While France and the United States have always exchanged gifts representative of their support of democratic ideals, not all the gifts were between statesman or quite as intentional. The romantic and intimate relations between a French Army officer and a young American woman during the winter of 1782 provided the young U.S. with an excellent naval officer who contributed significantly to the advancement of the U.S. Navy during its formative years. Commodore Lewis/Louis Warrington (November 3, 1782 – October 12, 1851) was an unintentional gift resulting from the occupation of Virginia by Rochambeau’s expeditionary army upon conclusion of what proved to be the final major campaign of the American Revolution, the Yorktown Campaign of 1781. As the French Army of Rochambeau settled into winter quarters in November, after the surrender of Lord Cornwallis on October 19, many of the officers in General Rochambeau’s headquarters found lodging near their commander in Williamsburg, Virginia, along with elements of the Bourbonnais Regiment and several artillery companies. These men included two of General Rochambeau’s six aides decamp: his son, Col. Donatien-Marie-Joseph de Vimeur, vicomte de Rochambeau; and Capt. Louis Francois Bertrand Dupont d’Aubevoye, Comte de Lauberdière, General Rochambeau’s nephew and the youngest of his aides decamp.
These two men, Colonel Rochambeau, age twenty-six, and Captain Lauberdière, age twenty-one, were cousins and friends; they roomed together in Williamsburg during the winter of 1781-82 in the home of a widow, Susanna Riddle, also referred to as Madame Ridte. Their host had two young nieces, Rachel and Camilla Warrington, who had come under her custody when their father, a minister, passed away in 1770. These two young women became quite friendly with Colonel Rochambeau and Captain Lauberdière. One of these two men, most evidence points to Captain Lauberdière, fathered a child with Rachel Warrington. Captain Lauberdière himself wrote, “… as the chanson says ‘let us make love, let us make war’ – these two occupations are filled with attraction.” Apparently, Captain Lauberdière viewed the affair as wholly acceptable and he pursued a similar relationship with Jenny Stevens who resided outside Williamsburg. In November 1782, Lucy Randolph wrote to her lover, Count Christian Deux-Ponts, another French officer who wintered in Virginia after the Yorktown Campaign, that Rachel Warrington delivered “a son, whom she named Louis after his father Monsieur Lobidier.”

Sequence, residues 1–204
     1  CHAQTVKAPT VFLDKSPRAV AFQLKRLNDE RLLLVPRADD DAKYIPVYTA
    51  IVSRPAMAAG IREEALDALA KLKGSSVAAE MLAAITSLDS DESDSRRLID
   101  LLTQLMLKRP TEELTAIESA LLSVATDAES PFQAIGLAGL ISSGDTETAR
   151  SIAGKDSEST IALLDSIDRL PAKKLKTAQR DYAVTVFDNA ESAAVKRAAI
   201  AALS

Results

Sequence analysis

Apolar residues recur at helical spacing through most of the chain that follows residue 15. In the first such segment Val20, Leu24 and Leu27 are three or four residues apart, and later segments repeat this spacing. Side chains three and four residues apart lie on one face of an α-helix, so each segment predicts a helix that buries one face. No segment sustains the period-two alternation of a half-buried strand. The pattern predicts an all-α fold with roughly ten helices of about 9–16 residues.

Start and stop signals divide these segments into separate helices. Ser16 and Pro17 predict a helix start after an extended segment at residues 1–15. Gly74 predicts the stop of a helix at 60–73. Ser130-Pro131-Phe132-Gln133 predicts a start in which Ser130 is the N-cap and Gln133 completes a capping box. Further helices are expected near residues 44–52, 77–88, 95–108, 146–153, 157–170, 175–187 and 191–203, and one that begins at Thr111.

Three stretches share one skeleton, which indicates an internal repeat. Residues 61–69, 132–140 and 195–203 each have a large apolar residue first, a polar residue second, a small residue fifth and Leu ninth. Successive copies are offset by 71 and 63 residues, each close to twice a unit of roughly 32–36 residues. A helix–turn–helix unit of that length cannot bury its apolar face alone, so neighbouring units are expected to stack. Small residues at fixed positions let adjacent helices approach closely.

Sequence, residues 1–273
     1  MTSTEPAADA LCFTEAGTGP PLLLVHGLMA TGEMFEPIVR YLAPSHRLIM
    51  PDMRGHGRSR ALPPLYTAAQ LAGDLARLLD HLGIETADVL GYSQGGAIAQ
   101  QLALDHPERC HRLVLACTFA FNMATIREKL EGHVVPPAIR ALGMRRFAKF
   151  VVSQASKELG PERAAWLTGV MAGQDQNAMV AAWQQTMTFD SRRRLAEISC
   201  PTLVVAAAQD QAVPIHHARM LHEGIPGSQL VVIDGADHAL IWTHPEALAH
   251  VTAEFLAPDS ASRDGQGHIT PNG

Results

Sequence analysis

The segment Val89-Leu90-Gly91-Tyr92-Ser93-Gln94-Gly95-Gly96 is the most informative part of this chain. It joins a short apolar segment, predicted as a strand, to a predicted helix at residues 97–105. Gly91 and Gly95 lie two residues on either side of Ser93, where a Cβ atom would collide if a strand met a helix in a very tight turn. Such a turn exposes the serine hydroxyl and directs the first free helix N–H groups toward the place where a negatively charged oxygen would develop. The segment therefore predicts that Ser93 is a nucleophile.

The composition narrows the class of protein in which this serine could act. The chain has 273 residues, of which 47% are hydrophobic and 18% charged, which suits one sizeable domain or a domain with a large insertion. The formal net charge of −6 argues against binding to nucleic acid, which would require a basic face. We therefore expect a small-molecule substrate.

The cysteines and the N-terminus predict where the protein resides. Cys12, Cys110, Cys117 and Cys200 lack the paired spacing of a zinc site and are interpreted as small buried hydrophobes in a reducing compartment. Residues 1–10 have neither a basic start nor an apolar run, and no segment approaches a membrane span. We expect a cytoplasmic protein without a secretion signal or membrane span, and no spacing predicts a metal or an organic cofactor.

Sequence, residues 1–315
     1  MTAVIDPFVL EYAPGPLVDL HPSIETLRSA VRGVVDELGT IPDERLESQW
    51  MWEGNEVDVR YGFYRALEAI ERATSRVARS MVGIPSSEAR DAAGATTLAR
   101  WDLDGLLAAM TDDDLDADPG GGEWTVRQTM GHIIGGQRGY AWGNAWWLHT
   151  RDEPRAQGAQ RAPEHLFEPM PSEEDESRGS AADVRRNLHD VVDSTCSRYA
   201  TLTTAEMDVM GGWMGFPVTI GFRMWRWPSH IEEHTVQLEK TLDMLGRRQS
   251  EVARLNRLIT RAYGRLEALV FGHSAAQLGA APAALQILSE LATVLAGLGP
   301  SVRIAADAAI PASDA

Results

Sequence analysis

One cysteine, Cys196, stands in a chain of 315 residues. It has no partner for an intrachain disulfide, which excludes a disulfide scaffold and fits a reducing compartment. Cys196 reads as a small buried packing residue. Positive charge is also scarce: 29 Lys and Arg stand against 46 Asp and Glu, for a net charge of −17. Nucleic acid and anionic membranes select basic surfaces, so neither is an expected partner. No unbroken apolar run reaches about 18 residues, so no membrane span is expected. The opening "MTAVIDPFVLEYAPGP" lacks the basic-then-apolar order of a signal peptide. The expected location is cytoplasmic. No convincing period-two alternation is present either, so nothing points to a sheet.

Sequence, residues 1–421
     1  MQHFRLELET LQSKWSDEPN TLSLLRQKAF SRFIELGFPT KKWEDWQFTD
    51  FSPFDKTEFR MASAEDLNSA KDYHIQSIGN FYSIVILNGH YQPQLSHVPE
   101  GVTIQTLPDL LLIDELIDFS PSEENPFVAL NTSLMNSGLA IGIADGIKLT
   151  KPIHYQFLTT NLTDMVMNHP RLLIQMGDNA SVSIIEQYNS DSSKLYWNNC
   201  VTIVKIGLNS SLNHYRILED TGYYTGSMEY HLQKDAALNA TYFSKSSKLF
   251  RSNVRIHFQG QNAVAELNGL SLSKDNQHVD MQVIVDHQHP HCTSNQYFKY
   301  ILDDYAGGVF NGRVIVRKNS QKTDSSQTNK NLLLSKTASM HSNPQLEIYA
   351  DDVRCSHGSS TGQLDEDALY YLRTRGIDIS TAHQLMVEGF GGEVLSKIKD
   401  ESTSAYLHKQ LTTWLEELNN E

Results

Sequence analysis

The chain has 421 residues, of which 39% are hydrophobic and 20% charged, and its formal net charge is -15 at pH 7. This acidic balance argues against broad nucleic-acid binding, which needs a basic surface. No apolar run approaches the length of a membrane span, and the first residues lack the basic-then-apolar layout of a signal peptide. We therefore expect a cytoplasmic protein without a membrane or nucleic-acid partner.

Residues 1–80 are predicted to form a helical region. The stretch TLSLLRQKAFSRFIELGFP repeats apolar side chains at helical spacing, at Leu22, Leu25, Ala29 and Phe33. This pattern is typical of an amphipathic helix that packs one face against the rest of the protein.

Rachel Warrington and Captain Lauberdière’s son, who he never acknowledged, rose to the rank of commodore in the U.S. Navy, with an accomplished record in both peace and war. Lewis Warrington was born on November 3, 1782, just four months after the French forces departed Williamsburg on July 1. Lewis attended the College of William and Mary before appointment as a midshipman in the U.S. Navy on January 6, 1800. Warrington’s naval career spanned fifty-two years and for a brief period in 1844, Commodore Lewis Warrington served as the Secretary of the Navy. He was a true U.S. Naval hero at a time when service aboard ships was one of the more dangerous occupations a man could pursue. Born out of wedlock to a young mother, at a turbulent time in history, with a questionable paternal lineage, Lewis Warrington overcame his unconventional beginnings to become a contributor to the fledgling nation. He was truly a gift from his American mother and French father to the new nation, the United States of America, and the U.S. Navy.
 Howard C. Rice, Jr. and Anne S.K. Brown, eds. & trans., The American Campaigns of Rochambeau’s Army 1780, 1781, 1782, 1783, Vol I, Verger Journal (Princeton, NJ: Princeton University Press, 1972), 152.
 Robert A. Selig, “Lauberdiere’s Journal,” The Journal of the Colonial Williamsburg Foundation, Autumn (1995): 33 & 36.
 Robert A. Selig, “America the Ungratful,” American Heritage, 48 no. 1 (1997, http://www.americanheritage.com/content/america-ungrateful), accessed 26 June 2017; and Selig, “Lauberdiere’s Journal,” 36. Lauberdière had a distinguished forty-two year military and political career in the service of his nation, achieving the rank of lieutenant-general, and passed at the age of seventy-seven in 1837. While less is known about Rachel Warrington, she may have married Richard Brown on November 10, 1786, in York, Virginia. Ancestry, Virginia, Marriage Records, 1700-1850 (Provo, UT: Ancestry, 2012, https://www.ancestry.com/), accessed July 4, 2017.
 Selig, “Lauberdiere’s Journal,” 36.
 Ibid. Ancestry, Lewis Warrington, Family Tree, https://www.ancestry.com/, accessed, June 24 2017.
 Rice and Brown, Verger Journal, 159.
 U.S. Navy, Warrington III (DD-843), Naval History and Heritage Command, October 26, 2015, accessed June 24, 2017; and Ancestry, Lewis Warrington, Family Tree.
 Benson John Lossing, The Story of the United States Navy: For Boys (New York: Harper Brothers, 1881), 240.